Premier Ball Jar Collection Kindled by Kinship
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By: Nick Werner, Ball State University - 01/11/2019
Jeff Harper shared a key personality trait with his great-grandfather.
Harper's great-grandfather was Frank C. Ball, who was president of the Ball Company. By the mid-1920s, the company produced 1 million jars yearly with an annual income of over $10 million dollars.
Jeff, too, was a successful businessman, having owned an industrial ceramic inspection and testing company. While Jeff had a Ph.D. in pharmacology, he also taught himself ceramic engineering by reading books, according to his widow, Mary Harper.
"Jeff was incredibly bright," she said. "I called him the human calculator."
Beyond his business, Jeff expressed his go-getting drive by tracking down the very jars manufactured by the company his great-grandfather led. His goal was to collect one example of every different jar manufactured by Ball. A premature death prevented Jeff
from finishing his task. He lost his battle with kidney cancer in 2012 at the age of 60.
But, in his relatively short life, he amassed one of the largest collections of Ball jars in existence, if not the largest.
Mary estimates it at around 3,000 jars, and no two are alike. The collection is divided between the couple's primary home in Houston, where most are on display, and a lake home.
Karen Vincent, director of collections for Minnetrista Cultural Center in Muncie and a Ball jar expert, saw the collection during a 2016 trip to Houston.
"It's got to be one of the biggest collections," Vincent said. "Absolutely. Without a doubt."
Jeff was a legend in the tight-knit community of glass collectors.
Writer Bruce Schank of the Federation of Historical Bottle Collectors eulogized Jeff in a November-December 2012 issue of the organization's magazine, Bottles and Extras.
"Jeff, in my estimation, came closer than anyone in the goal of having the most complete Ball jar collection," Schank wrote. "He was the King and no one else can claim that but him."
Jeff and Mary were both born in Muncie. Mary's father, Mario Pieroni, attended Ball State for three years before transferring to Notre Dame. A lawyer and Delaware County superior court judge who was born blind, Pieroni was also known for his efforts to
improve the lives of people with disabilities.
The couple met at the University's Burris Laboratory School and became high school sweethearts. They married in 1973 after Jeff graduated with honors from Brown University with a bachelor's in molecular biology. Jeff's post-graduate education and career
took them throughout the Southeast and eventually to Houston.
The jar collection began with Mary. As a Muncie native, she too had an interest in Ball memorabilia. She had collected a few jars, picking them up here and there at antique malls.
"Then Jeff got interested and it took off," Mary said.
He didn't just collect Ball jars, either. He collected anything with the Ball name on it -- recipe books, letter openers, ashtrays, advertisements -- even instructional films on how to on how to can vegetables.
He also managed to find the wooden crates that jars were shipped in.
"Those are incredibly rare," Mary said. "People used them for firewood."
By 2010, the collection had outgrown the available space in the Harper's primary home. So, they built an addition for more square footage and added built-in shelving throughout the house. The result is a home that doubles as a museum.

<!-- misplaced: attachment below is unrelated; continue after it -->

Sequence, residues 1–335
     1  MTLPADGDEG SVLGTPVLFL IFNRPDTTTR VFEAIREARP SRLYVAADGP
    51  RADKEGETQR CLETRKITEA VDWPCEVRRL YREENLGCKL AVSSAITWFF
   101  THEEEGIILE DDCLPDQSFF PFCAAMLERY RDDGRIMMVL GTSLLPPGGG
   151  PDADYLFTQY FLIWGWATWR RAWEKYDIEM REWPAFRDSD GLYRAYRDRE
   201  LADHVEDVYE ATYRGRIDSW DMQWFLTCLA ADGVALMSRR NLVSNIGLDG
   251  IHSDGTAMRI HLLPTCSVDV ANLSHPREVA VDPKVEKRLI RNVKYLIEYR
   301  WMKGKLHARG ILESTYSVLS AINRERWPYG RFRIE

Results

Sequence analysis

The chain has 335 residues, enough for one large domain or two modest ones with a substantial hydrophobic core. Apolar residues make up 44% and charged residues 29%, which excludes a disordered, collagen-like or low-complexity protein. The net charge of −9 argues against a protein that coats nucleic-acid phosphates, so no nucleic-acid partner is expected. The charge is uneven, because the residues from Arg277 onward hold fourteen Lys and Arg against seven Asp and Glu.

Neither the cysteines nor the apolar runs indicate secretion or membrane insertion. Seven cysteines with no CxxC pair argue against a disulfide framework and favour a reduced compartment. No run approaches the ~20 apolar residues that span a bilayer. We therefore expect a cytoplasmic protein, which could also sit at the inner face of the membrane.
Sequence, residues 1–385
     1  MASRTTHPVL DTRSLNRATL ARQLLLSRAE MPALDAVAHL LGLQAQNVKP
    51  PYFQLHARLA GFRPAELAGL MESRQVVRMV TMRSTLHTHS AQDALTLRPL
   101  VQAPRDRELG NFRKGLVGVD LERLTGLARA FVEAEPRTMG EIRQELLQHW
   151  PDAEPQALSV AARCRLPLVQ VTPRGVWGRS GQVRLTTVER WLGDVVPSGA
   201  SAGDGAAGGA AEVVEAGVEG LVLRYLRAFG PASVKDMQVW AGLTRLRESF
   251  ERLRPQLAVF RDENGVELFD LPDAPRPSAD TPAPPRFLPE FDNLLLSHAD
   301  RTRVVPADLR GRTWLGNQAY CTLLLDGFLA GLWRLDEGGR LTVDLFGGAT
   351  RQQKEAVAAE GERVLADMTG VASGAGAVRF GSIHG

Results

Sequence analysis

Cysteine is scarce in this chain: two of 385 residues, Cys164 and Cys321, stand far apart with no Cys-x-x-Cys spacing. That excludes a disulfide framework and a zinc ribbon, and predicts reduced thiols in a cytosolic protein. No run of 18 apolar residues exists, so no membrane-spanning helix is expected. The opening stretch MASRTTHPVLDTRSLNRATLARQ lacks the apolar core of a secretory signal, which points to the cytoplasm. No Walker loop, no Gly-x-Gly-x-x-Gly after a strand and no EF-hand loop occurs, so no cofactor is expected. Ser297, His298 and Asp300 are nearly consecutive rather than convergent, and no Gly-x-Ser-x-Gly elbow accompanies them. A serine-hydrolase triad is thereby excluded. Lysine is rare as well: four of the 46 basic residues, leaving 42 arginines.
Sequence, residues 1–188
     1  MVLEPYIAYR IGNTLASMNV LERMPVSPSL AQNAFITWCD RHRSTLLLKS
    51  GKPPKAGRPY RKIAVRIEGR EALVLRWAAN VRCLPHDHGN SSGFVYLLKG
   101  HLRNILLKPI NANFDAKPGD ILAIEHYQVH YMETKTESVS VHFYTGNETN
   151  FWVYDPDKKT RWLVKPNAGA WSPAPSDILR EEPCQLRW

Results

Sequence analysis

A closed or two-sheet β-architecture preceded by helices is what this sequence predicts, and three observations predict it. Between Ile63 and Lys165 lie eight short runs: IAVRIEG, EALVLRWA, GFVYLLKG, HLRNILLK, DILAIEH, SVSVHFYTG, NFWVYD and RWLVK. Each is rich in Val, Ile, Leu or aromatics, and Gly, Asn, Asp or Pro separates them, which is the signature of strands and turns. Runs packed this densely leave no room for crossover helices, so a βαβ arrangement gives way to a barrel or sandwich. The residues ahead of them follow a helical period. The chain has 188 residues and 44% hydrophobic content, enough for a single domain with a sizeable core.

But the collection doesn't seem to impose on the living space, according to those who have seen it. If anything, it enhances it with a rainbow of pastel-colored glass. While most jars were clear, many were a translucent blue, green, pink, or purple.
"Some are just downright beautiful," Mary said.
Ball State University President Geoffrey S. Mearns saw the collection firsthand in 2018. He was in Houston for another event. When he learned of the Harper collection, he decided to make a side trip to the family's home.
"It was fun having him here," Mary said.
One of the jars that drove Jeff's collecting obsession was the KKK jar. Stamped on the bottom was the figure of a Klansman surrounded by an American flag and cross. The jar dates to the 1920s when some Klansmen who worked in Ball factories secretly
manufactured an unknown number of the jars unsanctioned by the company.
"After hours, someone made a mold," Mary said.
The jar is a Holy Grail among glass collectors. The appeal is in its rarity and its historical significance, not in the hateful attitude its motif represents.
Collectors believe three or four may still exist, but Minnetrista has one of only two known surviving examples, and uses the jar as a teaching device. In partnership with R.A.C.E Muncie, Minnetrista Theatre Preserves has presented performances of "In My
Hands, In My Heart," which tells the story of two young Ball factory workers in 1928 who discover a jar with the Klan crest. The response to their discovery "explores historical perspectives and challenges of the time, as well as questions of personal integrity,"
according to Minnestristra website.
The history behind the jars is one of the things that fascinated Jeff, according to Mary, who believes her late husband was close to having a complete set of Ball jars before he died.
"There were just a few very rare jars left," she said.
Some of those jars may not even exist anymore, Mary added. Whether any examples have survived remains an ongoing debate among glass collectors.
Mary has donated about 250 pieces of Ball memorabilia to Minnetrista, knowing Jeff would like the idea of sharing his collection with a wider audience.
The Harper collection is still growing.
"I go to Target and if they're on sell, I buy them," Mary said. "I do it to honor Jeff."
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